James Surowiecki, he of the broken jellybean-contest promise, wrote an article a while ago about Baumol’s cost disease. I think I actually read this at a time, but just found a reference to it today.

Generally, productivity growth is a boon, but it creates problems for non-productive enterprises like classical music, education, and car repair: to keep luring talent, they have to increase wages, or else people eventually migrate to businesses that pay better. Instead of becoming nurses or mechanics, they become telecom engineers or machinists.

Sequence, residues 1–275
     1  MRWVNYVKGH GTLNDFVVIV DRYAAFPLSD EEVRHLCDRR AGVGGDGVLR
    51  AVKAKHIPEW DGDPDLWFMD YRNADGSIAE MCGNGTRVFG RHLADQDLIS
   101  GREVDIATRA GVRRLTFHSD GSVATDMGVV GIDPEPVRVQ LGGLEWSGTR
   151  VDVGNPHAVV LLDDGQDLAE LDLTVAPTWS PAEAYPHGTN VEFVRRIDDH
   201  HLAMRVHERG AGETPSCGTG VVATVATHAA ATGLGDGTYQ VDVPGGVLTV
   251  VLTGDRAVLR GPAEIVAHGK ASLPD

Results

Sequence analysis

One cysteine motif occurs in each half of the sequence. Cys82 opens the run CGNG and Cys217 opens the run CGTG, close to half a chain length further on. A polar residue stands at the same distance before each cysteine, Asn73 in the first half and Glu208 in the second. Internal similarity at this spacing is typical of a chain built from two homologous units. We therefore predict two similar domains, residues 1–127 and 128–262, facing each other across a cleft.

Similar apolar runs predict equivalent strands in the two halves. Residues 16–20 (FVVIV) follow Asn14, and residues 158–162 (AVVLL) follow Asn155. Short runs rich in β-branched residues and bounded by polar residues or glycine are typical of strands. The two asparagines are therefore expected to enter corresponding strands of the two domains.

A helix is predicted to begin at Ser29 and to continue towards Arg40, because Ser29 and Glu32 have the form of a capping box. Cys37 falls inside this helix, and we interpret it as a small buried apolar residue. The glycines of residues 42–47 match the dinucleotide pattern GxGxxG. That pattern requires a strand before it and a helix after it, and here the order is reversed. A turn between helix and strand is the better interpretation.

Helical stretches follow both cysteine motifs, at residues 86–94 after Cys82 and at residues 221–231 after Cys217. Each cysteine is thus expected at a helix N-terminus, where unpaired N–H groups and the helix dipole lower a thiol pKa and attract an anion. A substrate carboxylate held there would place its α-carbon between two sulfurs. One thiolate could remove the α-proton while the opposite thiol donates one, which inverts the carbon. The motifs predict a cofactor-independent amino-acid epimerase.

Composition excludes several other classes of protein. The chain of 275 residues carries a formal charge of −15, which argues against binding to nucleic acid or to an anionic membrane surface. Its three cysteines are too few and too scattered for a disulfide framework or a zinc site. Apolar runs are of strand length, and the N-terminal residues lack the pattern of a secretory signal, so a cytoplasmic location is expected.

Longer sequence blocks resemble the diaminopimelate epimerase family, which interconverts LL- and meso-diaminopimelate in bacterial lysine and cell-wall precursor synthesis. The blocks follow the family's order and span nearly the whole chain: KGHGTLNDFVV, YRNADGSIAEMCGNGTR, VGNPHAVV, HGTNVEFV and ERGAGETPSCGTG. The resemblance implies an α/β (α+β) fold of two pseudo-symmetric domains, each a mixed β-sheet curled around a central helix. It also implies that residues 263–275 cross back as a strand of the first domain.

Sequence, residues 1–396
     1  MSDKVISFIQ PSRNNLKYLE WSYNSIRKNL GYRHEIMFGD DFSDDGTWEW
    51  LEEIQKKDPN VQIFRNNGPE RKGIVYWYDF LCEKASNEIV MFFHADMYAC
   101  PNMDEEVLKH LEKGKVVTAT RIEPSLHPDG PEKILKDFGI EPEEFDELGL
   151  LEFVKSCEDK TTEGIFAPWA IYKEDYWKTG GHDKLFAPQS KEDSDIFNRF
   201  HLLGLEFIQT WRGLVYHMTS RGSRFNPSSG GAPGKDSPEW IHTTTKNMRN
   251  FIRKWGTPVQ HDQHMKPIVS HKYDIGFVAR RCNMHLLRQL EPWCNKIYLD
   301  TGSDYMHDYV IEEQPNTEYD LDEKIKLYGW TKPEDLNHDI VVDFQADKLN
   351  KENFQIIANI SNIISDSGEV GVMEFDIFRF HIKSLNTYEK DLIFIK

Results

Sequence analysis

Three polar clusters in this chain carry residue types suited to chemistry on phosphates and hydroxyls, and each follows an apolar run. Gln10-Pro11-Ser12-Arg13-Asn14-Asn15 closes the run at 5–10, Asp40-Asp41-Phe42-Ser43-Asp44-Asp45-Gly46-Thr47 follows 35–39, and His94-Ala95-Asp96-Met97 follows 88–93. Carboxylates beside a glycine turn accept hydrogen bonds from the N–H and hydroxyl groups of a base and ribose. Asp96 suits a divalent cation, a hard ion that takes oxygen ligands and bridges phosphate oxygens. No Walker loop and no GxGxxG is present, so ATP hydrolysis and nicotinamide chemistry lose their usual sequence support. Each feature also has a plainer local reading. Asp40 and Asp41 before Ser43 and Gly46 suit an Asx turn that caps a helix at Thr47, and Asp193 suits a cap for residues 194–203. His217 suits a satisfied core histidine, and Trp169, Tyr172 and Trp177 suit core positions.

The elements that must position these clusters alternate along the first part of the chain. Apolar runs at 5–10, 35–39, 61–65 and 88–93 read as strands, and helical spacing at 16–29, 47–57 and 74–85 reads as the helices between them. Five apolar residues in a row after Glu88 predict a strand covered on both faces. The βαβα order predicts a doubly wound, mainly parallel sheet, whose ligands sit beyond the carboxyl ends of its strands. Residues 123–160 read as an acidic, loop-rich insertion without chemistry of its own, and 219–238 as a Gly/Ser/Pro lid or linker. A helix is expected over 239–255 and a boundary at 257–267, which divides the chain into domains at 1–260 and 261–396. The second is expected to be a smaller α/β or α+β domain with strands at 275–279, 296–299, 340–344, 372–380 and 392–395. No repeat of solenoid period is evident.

All very fascinating, but why do I mention it here? Because of the last paragraph:

Some of the most important services that the government providesâ??education, law enforcement, health careâ??are the hardest to make more productive. To keep providing the same quality of services, then, government has to get more expensive. People pay more in taxes and donâ??t get more in return, which makes it look as though the public sector, at least compared with the private sector, is inept and bloated. But it could be that the government is merely stuck in inherently low-productivity-growth businesses

That’s very similar to the point I made recently in my own efficency of government piece: government gets unfairly criticized instead of praised for daring to do the work that nobody in the private sector wants to. It’s nice to see that someone else gets it, and has provided a cogent explanation in a forum more widely read than this one.